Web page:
<
>

Farewell to Tito, for now

5/27/2013

The weekend didn’t go the way he would have liked, the Indians losing three straight to the Red Sox after a rousing victory in the series opener, but we can’t let Terry Francona’s return to Boston pass without one final look at what this town meant to him over the years. Tito’s Top 10? Take a look at this list of memorable Boston-related moments for Francona, submitted by special contributor Tyler M. Browne, a 7th-grader of Boston Latin Academy.

* April 16, 1990: Francona, playing for the Milwaukee Brewers and facing Red Sox pitcher John Leister on Patriots Day, flies out to center-fielder Ellis Burks in his final major-league at-bat.

* Dec. 4, 2003: Francona, 44, is hired as the 44th manager in Red Sox history. Hired to be fired, he was asked. “I’ve been released from six teams. I’ve been fired as a manager. I’ve got no hair. I’ve got a nose that’s three times too big for my face, and I grew up in a major-league clubhouse. My skin’s pretty thick. I’ll be OK. ... This is the most exciting day of my baseball life.’’

* Oct. 20, 2004: Red Sox beat the Yankees, 10-3, in Game 7 of the ALCS in Yankee Stadium, completing a comeback from a 3 games to 0 deficit, the only team in major league history to accomplish that feat. After the game, Yankees manager Joe Torre calls Francona, congratulating him.

* Oct. 27, 2004: Red Sox shut out the Cardinals, 3-0, in Game 4 of the World Series in St. Louis, completing a four-game sweep. Red Sox win their first World Series in 86 years. “It was when we landed [in Boston] that I realized what we had done and what it meant,’’ Francona said.

* April 5, 2006: Three games into the season, Francona reverses course and replaces closer Keith Foulke, a hero of the 2004 postseason, with a rookie, Jonathan Papelbon. "Believe me, I don't do things like that on a spur of the moment,’’ Francona says. “I try to put a lot of thought behind it. I have a lot of faith in that young man." Papelbon saves 219 games for the Sox in the next six seasons.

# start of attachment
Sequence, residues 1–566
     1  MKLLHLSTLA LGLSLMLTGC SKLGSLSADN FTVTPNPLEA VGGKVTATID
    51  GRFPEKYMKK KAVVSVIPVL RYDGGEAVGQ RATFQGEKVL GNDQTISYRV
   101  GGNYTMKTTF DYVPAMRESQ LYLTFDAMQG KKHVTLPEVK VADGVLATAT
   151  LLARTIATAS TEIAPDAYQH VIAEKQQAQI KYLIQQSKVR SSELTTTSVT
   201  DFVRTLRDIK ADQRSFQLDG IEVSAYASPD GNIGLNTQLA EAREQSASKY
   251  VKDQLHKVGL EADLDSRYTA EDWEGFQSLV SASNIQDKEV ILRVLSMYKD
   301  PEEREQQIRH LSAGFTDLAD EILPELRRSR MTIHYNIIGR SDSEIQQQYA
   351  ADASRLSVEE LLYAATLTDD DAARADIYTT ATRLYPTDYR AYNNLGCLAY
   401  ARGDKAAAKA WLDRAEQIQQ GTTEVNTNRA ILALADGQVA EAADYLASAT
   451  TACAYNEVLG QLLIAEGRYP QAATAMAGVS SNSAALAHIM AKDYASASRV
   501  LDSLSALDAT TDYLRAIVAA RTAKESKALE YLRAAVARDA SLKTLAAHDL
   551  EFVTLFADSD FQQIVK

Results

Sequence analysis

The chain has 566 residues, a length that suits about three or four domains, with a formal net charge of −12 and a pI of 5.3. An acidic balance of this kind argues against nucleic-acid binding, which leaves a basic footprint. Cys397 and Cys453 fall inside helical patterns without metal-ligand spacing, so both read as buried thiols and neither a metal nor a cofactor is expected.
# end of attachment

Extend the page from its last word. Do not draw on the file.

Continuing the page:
* May 2, 2007: Francona ignores public pressure and stands by rookie second baseman Dustin Pedroia, who on May 1 was batting .172 in his first 21 games. Pedroia hits .415 in May, finishes the year batting .317, and is named the American League Rookie of the Year. A year later, Pedroia is the league’s Most Valuable Player.

* Oct. 21, 2007: Francona again leads the Red Sox from the brink of elimination in the ALCS to the World Series, coming back from a 3 games to 1 deficit against the Cleveland Indians. "I think when you're in this kind of pressure cooker, you can either fold or implode or you can relax and be yourself," GM Theo Epstein said. "That's what our guys do. None of the circumstances bother them."

* Oct. 28, 2007: Red Sox beat the Colorado Rockies, 4-3, in Coors Field in Colorado, completing a four-game sweep in the World Series and making Francona the only manager ever to win his first eight Series games. “What happened in '04, we'll never forget," Francona said. "I won't ever forget it. But this is '07, and we said that from Day 1. And we accomplished our goal, and it's not easy to do."

* Sept. 28, 2011: The Red Sox, who began September in first place in the AL East and with a 9-game lead in the wild-card race, lose, 4-3, to the Orioles in Baltimore and are eliminated from the playoffs moments later when the Rays beat the Yankees. The Sox went 7-20 in the final month, blowing the biggest lead in the season’s last month in baseball history. "We're not very happy right now," Francona said. "We needed to take care of business and we didn't."

* Sept. 30, 2011: Francona and the Red Sox part ways when the Sox do not exercise the option years on Francona’s contract. In eight seasons under Francona, the Sox went 744-552, a winning percentage of .574 that was the highest of any Sox manager who managed more than two seasons in Boston. "Some of it may be personal," Francona said of leaving. "I thought it was time. And again, to be honest with you, I didn't know, I'm not sure how much support there was from ownership. … And I don't know if I felt real comfortable. You've got to be all-in in this job, and I voiced that today. ... It's got to be, everybody has to be together, and I was questioning some of that a little bit."